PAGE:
Why would people want to go back into public housing? Aren't the developments dangerous and crime-ridden? Isn't this an opportunity to start over and make something better?

Public housing residents know full well the problems of public housing, but still they want to return.

Why? Start with the fact that New Orleans is in the worst affordable housing crisis since the Civil War. Tens of thousands of houses still remain in ruins after Katrina. Rents for the rest have gone up 70-80 percent since Katrina. Even before Katrina, there was a waiting list of 18,000 families seeking to get into public housing - now it is much, much worse. HUD's demolition plans target 4,534 apartments of public housing in the community. They plan to demolish 1546 apartments in BW Cooper, 723 in C.J. Peete, 1400 in St. Bernard, and 865 in Lafitte.

These are not the dense high-rise towers. Public housing in New Orleans is made up of development clusters of mostly two and three story buildings with six to eight apartments in each. New York Times Architecture critic Nicolai Ouroussoff, criticized plans to demolish these apartments, saying on November 19, 2006: "Modestly scaled, they include some of the best public housing built in the United States....Solidly built, the buildings' detailed brickwork, tile roofs and wrought-iron balustrades represent a level of craft more likely found on an Ivy League campus than in a contemporary public housing complex."

Most of the public housing apartments rented for very modest rents tied to the resident's incomes. Most did not pay separate utility charges. Leases were essentially for life, unless someone in the family was caught breaking the law.

HUD initially said they had to demolish because the buildings were so damaged they were dangerous to the residents.

That was not true.

John Fernandez, an Associate Professor of Architecture at MIT, inspected 140 of these apartments and concluded in papers filed in court that "no structural or nonstructural damage was found that could reasonably warrant any cost-effective building demolition...Therefore, the general conclusions are: demolition of any of the buildings of these four projects is not supported by the evidence of the survey, replacement of these buildings with contemporary construction would yield buildings of lower quality and shorter lifetime duration; the original construction methods and materials of these projects are far superior in their resistance to hurricane conditions than typical new construction and with renovation and regular maintenance, the lifetimes of the buildings in all four projects promise decades of continued service that may be extended indefinitely."

Residents promise to fix up their apartments themselves if given the chance. "I clean for a living," said one young woman resident at a recent public hearing where 100% of the residents opposed demolition. "I clean for a living and I am proud of it. I clean every body else's houses, I will sure clean up my own house - just let me back in to do it!"

After it the public understood that the buildings were not actually in such bad shape, the authorities then said it would cost much more to repair the buildings than to demolish and start over.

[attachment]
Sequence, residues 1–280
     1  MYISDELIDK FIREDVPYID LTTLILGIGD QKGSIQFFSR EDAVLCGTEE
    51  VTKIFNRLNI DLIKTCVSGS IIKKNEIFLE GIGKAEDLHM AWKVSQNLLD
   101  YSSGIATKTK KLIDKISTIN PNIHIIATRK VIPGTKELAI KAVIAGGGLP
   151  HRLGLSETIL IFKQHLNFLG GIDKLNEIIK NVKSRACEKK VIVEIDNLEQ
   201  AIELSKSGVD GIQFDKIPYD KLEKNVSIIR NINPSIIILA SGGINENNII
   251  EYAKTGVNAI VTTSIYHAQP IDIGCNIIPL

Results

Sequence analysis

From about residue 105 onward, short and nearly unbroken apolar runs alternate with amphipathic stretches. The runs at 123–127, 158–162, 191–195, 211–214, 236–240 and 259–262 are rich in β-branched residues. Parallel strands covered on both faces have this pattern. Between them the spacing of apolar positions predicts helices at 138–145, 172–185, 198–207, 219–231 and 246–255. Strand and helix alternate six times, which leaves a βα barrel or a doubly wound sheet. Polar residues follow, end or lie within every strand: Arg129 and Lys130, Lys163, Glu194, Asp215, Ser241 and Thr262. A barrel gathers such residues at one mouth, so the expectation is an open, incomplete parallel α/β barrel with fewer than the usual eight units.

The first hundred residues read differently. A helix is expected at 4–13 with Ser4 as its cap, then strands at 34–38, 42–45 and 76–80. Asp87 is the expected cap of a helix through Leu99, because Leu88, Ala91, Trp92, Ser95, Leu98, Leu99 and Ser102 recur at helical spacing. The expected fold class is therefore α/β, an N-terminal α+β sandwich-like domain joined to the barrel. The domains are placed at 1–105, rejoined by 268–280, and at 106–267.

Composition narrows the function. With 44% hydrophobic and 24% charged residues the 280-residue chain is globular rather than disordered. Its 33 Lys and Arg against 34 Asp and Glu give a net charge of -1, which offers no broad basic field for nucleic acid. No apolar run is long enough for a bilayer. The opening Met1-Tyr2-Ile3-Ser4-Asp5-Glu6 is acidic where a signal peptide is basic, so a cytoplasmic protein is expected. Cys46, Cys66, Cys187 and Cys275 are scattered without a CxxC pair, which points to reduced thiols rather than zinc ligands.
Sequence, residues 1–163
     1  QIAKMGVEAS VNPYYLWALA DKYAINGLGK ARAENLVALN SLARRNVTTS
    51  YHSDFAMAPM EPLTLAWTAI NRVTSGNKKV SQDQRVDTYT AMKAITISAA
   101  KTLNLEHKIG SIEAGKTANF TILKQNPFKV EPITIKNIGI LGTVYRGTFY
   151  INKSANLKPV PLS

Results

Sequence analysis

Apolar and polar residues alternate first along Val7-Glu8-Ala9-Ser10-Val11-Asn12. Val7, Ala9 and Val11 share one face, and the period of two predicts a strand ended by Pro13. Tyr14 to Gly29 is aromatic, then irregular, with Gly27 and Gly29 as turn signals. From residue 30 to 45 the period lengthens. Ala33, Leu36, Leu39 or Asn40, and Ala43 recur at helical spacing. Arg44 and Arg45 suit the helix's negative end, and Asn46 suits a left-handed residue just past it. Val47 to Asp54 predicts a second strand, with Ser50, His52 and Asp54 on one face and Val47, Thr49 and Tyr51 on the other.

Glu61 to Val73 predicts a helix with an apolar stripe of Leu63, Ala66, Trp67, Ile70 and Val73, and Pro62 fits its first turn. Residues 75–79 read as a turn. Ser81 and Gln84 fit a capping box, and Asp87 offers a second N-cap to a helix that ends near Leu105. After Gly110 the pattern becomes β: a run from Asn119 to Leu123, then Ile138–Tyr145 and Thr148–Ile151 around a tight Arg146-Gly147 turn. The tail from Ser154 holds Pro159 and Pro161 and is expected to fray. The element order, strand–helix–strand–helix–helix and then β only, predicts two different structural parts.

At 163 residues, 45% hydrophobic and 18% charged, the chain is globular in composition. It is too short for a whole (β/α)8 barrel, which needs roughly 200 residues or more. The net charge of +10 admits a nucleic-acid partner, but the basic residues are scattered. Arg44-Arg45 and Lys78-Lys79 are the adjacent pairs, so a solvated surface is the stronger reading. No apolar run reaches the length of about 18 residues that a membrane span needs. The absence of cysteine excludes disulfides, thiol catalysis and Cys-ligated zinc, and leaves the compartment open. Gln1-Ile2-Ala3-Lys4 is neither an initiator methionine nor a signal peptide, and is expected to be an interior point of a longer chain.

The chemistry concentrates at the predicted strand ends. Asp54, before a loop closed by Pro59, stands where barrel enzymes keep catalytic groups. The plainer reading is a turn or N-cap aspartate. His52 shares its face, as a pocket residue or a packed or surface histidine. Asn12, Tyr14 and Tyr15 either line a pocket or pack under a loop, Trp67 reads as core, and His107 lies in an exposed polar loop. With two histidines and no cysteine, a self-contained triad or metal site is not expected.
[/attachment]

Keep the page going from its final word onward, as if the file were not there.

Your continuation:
That too was not true.

The housing authority's own documents show that Lafitte could be repaired for $20 million, even completely overhauled for $85 million while the estimate for demolition and rebuilding many fewer units will cost over $100 million. St. Bernard could be repaired for $41 million, substantially modernized for $130 million while demolition and rebuilding less units will cost $197 million. BW Cooper could be substantially renovated for $135 million compared to $221 million to demolish and rebuild less units. Their own insurance company reported that it would take less than $5000 each to repair each of the CJ Peete apartments.

HUD suggests that less-dense "mixed income" communities are the way to go.

But residents and the community knows that if HUD has its way, only about 20% of the families who lived in these developments will be allowed to return.

New Orleans has suffered through the experience of HUD's "mixed income" policies before. The St. Thomas housing development, once home to 1510 families, was demolished with promises that people would be returning to a beautiful redeveloped community. Instead, there is now a Wal-Mart on the site and hundreds of cute gingerbread pastel houses. How many of the 1510 families who used to live in St. Thomas have been allowed to move back in? About a hundred. A few of these families have had to force their way in with litigation by the Greater New Orleans Fair Housing Action Center. The demolition of St. Thomas is hailed as a mostly-good outcome by nearby developers and some of the young professionals who moved into the surrounding neighborhood knowing what was coming. What do the 1400+ families who were moved out and not allowed to return think? Don't ask - no one else is.

HUD has the same plans for the neighborhoods where they are trying to demolish housing. According to documents filed with the Louisiana Housing Finance Agency: St. Bernard will go from 1400 apartments to 595 apartments, only 160 of which will be for low-income public housing residents. There will be 160 tax credit mixed income and 145 market rate units; CJ Peete will go from 723 units to 410, 154 will be public housing eligible, 133 mixed income and 123 market rate; BW Cooper will go from 1546 to 410, 154 public housing eligible, 133 tax-credit mixed income, and 123 market; And Lafitte will downsized in the same way.